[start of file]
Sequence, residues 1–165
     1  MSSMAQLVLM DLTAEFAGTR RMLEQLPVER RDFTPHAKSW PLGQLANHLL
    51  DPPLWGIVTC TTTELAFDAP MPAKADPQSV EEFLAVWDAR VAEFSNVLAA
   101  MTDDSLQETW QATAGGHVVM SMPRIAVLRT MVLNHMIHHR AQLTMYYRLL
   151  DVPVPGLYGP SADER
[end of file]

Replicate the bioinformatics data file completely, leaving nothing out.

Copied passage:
Sequence, residues 1–165
     1  MSSMAQLVLM DLTAEFAGTR RMLEQLPVER RDFTPHAKSW PLGQLANHLL
    51  DPPLWGIVTC TTTELAFDAP MPAKADPQSV EEFLAVWDAR VAEFSNVLAA
   101  MTDDSLQETW QATAGGHVVM SMPRIAVLRT MVLNHMIHHR AQLTMYYRLL
   151  DVPVPGLYGP SADER